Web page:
David Marr, Paul Barry, David Leser

David Marr, Paul Barry, Anna Broinowski, David Leser

Panel: Paul Barry (4 Corners, Media Watch), David Marr (SMH writer, 4 Corners, Media Watch), David Leser (Good Weekend profile writer, author). Topic: Truth is stranger than fiction.

DAVID MARR: “I love people who invent their life stories, they fascinate me. But if they put the same amount of energy into their real lives, instead of being constricted in a web of lies, they could really get somewhere.”

“Journalists hear a lot of fiction – the stories police tell. ‘I slipped on a banana skin and shot him twice, dead. It was a comic accident.’

“The most outrageous story I’ve heard was the AWB – and Australian company working with the Department of Foreign Affairs to defraud the UN of $3million. You couldn’t invent it.’’

“At the Liberal Party campaign launch, [the SMH] sent three writers to Brisbane – one to analyse their policies, another to examine the impact of the launch on the party’s fortunes, and me to roll about in the aisle laughing at all the dead people walking again with fresh blood pumping through their veins.”

“The best female journalist in Australia is Marian Wilkinson. [They wrote a book together, about Tampa/ children overboard]. There was great tension between us. She’s very alert to telling a story by analysis. I want to tell things through a story. Luckily, we were in different countries, so our tensions were resolved over email.”

“I don’t like having a narrative imposed. You have to be careful not to pluck a story shape off the shelf. It could distort things.”

When asked about whether his comedy stylings are fiction, Marr said: “There’s an element of truth.”

“I’ve been asked, ‘Why don’t you write a novel?” Because I’m got an explainer’s mind. I love explaining complex issues that are misunderstood and cause a public panic.

“I don’t conceive characters.

On the topic of courage, DM said: “I’m not brave – I live in a very safe, muffled world.”

PAUL BARRY: I spend two years writing a book. I have sleepless nights – I wonder, Is this person as awful as I think? I had a dream about Kerry Packer, where he behaved like the nicest person I’ve ever met and I woke up in a cold sweat.

DAVID MARR: “I worry, what if I’ve got it completely wrong? What if this is a major delusion of mine and I’ve just found the facts to match what I believe? This usually happens when I’ve had to step aside from the topic for a while, do more research, then I come back to it, and think; Can this possibly be true? There’s a possibility that you create a Frankenstein and it takes on a life of its own.

Eg. Rudd. I’d heard a lot about the utter confusion and chaos of Rudd’s office. I was kind of convinced, yet completely sceptical. Could this be true?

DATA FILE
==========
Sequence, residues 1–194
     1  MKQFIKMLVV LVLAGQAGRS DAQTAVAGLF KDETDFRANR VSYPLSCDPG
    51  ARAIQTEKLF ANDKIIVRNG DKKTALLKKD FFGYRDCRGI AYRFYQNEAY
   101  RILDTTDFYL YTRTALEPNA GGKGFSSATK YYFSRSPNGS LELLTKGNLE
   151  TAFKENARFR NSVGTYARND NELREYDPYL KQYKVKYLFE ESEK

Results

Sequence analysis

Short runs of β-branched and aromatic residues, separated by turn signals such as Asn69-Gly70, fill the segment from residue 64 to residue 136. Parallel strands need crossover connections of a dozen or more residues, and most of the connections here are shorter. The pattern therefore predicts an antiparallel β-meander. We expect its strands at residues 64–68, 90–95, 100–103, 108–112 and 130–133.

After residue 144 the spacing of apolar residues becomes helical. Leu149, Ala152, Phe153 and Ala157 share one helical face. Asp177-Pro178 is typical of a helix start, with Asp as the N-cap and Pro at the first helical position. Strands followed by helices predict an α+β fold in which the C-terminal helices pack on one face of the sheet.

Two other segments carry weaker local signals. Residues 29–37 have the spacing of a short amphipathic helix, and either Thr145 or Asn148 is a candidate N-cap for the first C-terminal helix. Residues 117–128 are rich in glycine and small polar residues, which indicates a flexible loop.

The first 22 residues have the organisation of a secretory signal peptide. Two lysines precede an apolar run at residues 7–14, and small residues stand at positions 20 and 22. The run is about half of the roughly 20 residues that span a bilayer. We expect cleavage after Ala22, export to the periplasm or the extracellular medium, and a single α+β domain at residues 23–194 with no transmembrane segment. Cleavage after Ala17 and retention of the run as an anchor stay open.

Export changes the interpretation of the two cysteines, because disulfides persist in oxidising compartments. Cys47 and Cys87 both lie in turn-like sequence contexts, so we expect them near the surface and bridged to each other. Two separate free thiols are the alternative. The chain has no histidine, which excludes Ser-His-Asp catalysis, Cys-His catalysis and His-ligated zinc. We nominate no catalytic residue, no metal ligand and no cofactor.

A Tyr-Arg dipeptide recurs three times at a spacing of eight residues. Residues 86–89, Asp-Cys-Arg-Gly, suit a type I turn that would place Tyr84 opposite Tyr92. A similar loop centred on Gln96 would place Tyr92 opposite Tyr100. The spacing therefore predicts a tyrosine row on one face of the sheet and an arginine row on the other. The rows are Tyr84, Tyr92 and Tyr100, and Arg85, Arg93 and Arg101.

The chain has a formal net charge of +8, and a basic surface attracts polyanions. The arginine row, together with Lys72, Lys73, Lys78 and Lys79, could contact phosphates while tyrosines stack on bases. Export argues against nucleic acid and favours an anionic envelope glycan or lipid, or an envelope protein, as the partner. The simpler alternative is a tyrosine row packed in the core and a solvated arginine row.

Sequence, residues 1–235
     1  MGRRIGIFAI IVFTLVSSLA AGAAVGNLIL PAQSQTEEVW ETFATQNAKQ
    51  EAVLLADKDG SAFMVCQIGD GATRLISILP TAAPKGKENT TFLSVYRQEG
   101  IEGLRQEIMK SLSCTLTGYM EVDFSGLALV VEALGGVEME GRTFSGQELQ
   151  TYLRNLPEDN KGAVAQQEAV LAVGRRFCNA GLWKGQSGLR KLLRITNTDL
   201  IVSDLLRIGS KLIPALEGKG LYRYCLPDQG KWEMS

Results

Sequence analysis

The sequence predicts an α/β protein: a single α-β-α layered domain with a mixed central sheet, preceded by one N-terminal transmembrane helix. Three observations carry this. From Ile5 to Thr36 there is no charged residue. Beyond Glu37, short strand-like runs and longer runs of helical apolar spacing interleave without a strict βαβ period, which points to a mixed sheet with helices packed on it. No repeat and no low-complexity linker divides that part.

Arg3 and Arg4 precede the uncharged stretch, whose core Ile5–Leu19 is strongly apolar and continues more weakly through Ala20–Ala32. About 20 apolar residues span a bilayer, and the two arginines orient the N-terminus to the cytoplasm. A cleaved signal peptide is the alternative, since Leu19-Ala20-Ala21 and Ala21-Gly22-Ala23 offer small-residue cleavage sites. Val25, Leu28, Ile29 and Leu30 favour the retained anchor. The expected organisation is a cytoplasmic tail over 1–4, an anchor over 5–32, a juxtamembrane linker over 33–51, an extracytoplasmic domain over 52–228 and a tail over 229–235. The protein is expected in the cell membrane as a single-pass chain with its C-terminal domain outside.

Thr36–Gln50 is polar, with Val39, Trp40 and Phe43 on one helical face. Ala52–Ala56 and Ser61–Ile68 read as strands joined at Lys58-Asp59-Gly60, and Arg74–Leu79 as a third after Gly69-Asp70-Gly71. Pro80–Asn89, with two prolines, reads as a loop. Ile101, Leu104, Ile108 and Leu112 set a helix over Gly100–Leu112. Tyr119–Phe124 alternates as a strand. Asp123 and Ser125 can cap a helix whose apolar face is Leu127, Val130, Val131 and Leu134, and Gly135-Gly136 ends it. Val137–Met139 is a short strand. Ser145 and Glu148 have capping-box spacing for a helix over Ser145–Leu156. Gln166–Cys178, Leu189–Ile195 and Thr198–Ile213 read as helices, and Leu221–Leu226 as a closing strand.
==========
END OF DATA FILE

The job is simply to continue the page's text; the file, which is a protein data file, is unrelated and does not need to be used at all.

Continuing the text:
Then I met another witness and asked him and he said, “Believe every word of it.”

PAUL BARRY: You have to make judgments on who to believe.

What is truth? It’s what you can defend in court.

DAVID MARR: “You can be convinced you got the story right and then incontrovertible evidence or a witness comes along and you have to change all of it. It often happens! But the new story is always better.”

The writers said they often ran details past their main subjects, but might refrain if it would trigger an injunction.

PAUL BARRY: I can send someone material saying they’re a fraud, shonky and a paedophile and they’ll often agree, correct some facts and add a bit more.

DAVID MARR: There are never disadvantages to checking stuff.

I don’t like the manipulation of facts – I like to say: ‘I don’t know about this bit.’

PAUL BARRY: It would have been suicidal to make stuff up about Packer and Bond. There are some rich and powerful people I won’t write about because they’re so dangerous. I would fear ending up dead. Jim Byrnes, a developer – not worth it.

If I had of written about Kerry Packer’s black mistress, who ran brothels for him in Palm Beach (and committed suicide when he cut her off financially), when he was alive, that would have buried me.

DAVID LESER: profiled Gina Rinehart and Rose Porteous. “Gina spoke in a strange whisper, I could hardly hear her. Rose was the Philippino house maid who married Lang Hancock. Gina hired SAS men to accompany her kids to school. She drove a bulletproof Jaguar. Her lawyer on $1million a year was Michael Kroger (Liberal Party power broker). I couldn’t make these characters up.”

“There’s a difference between holding a spirited position and taking liberties. You have to be fair.

“But ultimately, the truth about someone [when doing profiles] is unknowable and forever mysterious. You can’t even know the truth about yourself, it changes very day.”

“I’m surprised at how often people’s friends will tell a lot of stuff that’s negative.”

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